Both Left and Right make claims to dignity offended, and hence to resentment. Neither side seems particularly admirable, dignified, just, concerned with the common good, or virtuous, as Fukuyama presents them. How each comes to make claims to dignity is the half-developed story of the first part of Fukuyama’s book, which is the part of most interest to political philosophy types.
Claims of offended pride are coeval with politics. Economic models of the human being, the late fruit of modernity, are incomplete: They leave out thymos and human pride, the fact that human beings consider themselves important and want others to recognize that importance. Fukuyama points this out but does not dwell on where thymos hid from the time of its discovery by the Greeks to the advent of modernity. In modernity, thymos is the “part of the soul that seeks recognition,” which ultimately makes it “the seat of today’s identity politics.”
A Tendentious Enlightenment Story
Why is thymos, a permanent part of human nature, tied to these modern concepts of recognition and identity? For Fukuyama, the two become linked because the interior life is elevated above the artificial world of social conformity, where all must have their inner lives respected as equally dignified. His tendentious Enlightenment story, which need not detain us (an idea from Martin Luther here, combined with an idea from Jean-Jacques Rousseau there, from Georg Wilhelm Friedrich Hegel too), culminates in the claim that this dignity-revolution is the driving force in modern politics.
This desire for recognition births modern liberal democracy (as Fukuyama argued in The End of History), but this desire has also taken one of two non-liberal paths in liberal democracy.
One path leads to the universal recognition of individual rights (and thus to today’s left-wing identity politics)—with Justice Kennedy’s mystery passage in Planned Parenthood v. Casey (1992), Fukuyama notes, being its famous expression: “At the heart of liberty is the right to define one’s own concept of existence, of meaning, of the universe, and of the mystery of human life. Beliefs about these matters could not define the attributes of personhood were they formed under compulsion of the State.” This entails a troubling and debilitating relativism, where, in Fukuyama’s phrase, the “impossible” and “absurd” task of supporting everyone’s self-esteem without endorsing any conception of the estimable becomes the central demand of politics.
The other path leads to “nationalism and politicized religion” and other dangerous assertions of collective identity—and Johann Gottfried von Herder is its muse and Adolph Hitler (and today’s populists) its effectual truth.
How can the desire for recognition carry so much weight, causing liberal democracy but also creating the two main threats to liberal democracy? What can’t it do? Fukuyama’s argument demands an account much closer to political life if it is to yield a comprehensible story about how we got where we are.
A deeper understanding of what the Greeks understood as thymos is the beginning of political wisdom in this case. The Greeks did not honor offended pride as a mysterious, truth-telling good that all were obliged to obey. For them, claims of thymos were often partisan and subject to rational analysis and hence to political deliberation and control. This translation of raw passion to some approximation of a common good is the stuff of politics. The desire for recognition eclipses such deliberation and control, especially when all assertions of offended pride must be honored.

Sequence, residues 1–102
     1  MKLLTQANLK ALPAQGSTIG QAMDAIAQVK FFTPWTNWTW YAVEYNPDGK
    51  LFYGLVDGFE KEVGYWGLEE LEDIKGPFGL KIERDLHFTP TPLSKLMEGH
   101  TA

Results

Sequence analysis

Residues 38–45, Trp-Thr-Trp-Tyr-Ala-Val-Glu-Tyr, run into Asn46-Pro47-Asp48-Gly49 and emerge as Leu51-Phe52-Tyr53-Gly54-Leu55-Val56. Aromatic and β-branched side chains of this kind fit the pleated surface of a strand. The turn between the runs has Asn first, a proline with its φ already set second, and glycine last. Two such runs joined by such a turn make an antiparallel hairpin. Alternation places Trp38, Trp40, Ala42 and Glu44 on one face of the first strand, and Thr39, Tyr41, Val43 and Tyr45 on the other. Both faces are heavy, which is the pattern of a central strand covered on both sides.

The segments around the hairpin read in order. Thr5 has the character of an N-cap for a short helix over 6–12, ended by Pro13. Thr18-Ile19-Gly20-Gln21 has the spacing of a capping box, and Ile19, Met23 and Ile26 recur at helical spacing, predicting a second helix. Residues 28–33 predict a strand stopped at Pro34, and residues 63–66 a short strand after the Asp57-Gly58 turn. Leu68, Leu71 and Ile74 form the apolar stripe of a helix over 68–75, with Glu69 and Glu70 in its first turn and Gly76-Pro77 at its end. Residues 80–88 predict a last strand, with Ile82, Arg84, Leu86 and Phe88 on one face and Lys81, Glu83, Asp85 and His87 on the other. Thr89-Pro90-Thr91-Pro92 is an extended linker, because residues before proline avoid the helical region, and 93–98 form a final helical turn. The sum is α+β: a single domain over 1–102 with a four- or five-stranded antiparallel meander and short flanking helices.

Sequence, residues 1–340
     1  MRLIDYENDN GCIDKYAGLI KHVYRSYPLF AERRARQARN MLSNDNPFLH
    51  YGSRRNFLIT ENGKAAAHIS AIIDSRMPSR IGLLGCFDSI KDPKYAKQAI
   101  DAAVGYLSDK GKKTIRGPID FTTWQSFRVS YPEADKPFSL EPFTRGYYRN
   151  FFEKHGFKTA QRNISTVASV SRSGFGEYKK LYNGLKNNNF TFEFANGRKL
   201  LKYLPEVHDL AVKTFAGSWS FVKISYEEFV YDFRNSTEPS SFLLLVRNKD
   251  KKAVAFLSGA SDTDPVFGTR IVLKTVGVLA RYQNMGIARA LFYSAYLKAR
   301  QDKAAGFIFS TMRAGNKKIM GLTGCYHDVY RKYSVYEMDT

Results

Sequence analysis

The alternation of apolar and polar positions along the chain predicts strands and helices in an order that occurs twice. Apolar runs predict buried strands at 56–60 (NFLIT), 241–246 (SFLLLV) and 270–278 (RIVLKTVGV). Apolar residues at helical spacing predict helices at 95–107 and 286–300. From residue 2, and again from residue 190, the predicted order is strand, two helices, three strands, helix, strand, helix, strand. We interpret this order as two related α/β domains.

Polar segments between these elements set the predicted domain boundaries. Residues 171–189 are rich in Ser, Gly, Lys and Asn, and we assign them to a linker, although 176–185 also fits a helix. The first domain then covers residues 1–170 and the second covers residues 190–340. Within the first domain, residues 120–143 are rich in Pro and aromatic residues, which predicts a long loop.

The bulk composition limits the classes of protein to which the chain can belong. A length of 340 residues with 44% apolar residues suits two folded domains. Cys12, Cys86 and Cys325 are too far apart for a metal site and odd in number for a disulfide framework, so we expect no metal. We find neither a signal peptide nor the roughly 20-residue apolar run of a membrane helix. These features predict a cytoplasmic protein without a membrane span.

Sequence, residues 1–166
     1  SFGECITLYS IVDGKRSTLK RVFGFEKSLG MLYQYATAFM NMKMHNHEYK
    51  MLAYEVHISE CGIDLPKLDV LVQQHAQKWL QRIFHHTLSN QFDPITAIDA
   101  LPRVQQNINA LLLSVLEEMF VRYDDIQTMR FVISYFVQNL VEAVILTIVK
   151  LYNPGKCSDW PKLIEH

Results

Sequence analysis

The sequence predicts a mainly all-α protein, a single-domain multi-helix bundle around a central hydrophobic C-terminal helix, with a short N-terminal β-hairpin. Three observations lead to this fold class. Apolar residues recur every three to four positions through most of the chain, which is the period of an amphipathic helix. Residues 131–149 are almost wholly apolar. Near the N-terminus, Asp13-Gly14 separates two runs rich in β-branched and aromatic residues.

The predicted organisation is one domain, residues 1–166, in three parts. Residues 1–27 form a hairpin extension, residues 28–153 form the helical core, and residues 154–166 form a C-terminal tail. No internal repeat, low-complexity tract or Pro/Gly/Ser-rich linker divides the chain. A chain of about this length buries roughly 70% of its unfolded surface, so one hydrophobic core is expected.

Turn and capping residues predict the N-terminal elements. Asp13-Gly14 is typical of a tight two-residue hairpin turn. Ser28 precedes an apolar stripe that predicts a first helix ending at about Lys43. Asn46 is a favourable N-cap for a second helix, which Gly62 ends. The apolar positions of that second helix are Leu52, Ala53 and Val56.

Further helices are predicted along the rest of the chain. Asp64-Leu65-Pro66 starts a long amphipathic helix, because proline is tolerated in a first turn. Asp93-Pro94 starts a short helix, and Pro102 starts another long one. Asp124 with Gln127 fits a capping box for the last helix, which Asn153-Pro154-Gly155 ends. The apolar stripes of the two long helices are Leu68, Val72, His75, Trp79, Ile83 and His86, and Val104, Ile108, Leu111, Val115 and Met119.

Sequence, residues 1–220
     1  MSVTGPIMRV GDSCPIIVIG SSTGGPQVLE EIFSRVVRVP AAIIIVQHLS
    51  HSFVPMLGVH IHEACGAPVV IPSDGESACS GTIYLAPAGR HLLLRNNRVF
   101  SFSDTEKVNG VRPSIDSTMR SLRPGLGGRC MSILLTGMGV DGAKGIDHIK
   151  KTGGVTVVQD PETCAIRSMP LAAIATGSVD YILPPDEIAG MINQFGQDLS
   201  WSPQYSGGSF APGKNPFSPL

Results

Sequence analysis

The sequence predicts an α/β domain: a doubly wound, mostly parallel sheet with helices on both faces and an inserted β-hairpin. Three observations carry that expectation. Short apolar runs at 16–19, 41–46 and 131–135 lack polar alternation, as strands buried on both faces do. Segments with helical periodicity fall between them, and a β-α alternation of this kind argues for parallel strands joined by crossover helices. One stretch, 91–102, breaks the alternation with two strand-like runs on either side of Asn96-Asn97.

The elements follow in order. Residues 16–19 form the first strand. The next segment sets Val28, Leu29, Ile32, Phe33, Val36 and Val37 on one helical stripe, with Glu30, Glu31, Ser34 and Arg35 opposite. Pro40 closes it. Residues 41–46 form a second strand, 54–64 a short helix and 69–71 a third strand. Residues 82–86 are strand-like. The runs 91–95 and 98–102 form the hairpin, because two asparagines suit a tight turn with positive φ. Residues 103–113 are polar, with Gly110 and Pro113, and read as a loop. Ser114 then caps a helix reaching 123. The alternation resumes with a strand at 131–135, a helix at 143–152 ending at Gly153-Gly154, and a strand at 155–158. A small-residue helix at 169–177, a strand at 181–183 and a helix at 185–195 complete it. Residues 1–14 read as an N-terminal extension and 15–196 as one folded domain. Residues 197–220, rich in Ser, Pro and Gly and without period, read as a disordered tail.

Yet, it is clear that neither the Left nor the Right really believes that all assertions of offended pride are created equal and should be honored—they deny each other’s claims, for instance. The desire for recognition masks a concern for justice that could be translated into a public good, if todays advocates would see their identities as less than categorical. Fukuyama’s abstractions do not deign to touch such modest notions of politics.
How Can Human Beings Be Dignified if They Are Trousered Apes?
His analysis is lazy in another respect. Human beings, as he presents them, are alone—without God, souls, a homeland, families, or a notion of perfection. Yet they are still dignified. They think they are important. Dignity is a hole that each individual digs, fills, digs, and fills—inconsistent with individual contentment, political order, or rational debate about merits. How can human beings be dignified if they are trousered apes? Claims of dignity seem inversely related to the dignity of one’s claims.
The Right and the Left, in Fukuyama’s view, act on desires that throw a wrench into the normal, spontaneous mechanisms of social progress. If partisans could forget their abstractions, then the something more of social capital might just spontaneously produce itself (as he argued in The Great Disruption) and save our situation. Perhaps he thinks: Stop with the abstractions and the situation will take care of itself. But no situation takes care of itself because human beings abstract.
There is no guarantee that science, technology, liberal democracy, commercial greatness, or military strength will go on much longer in a liberal regime. Fukuyama knows that political communities rise and fall, and the stakes in identity politics are high. He fails to rise to the challenge of prudence or to the challenge of theoretical understanding in this weak effort.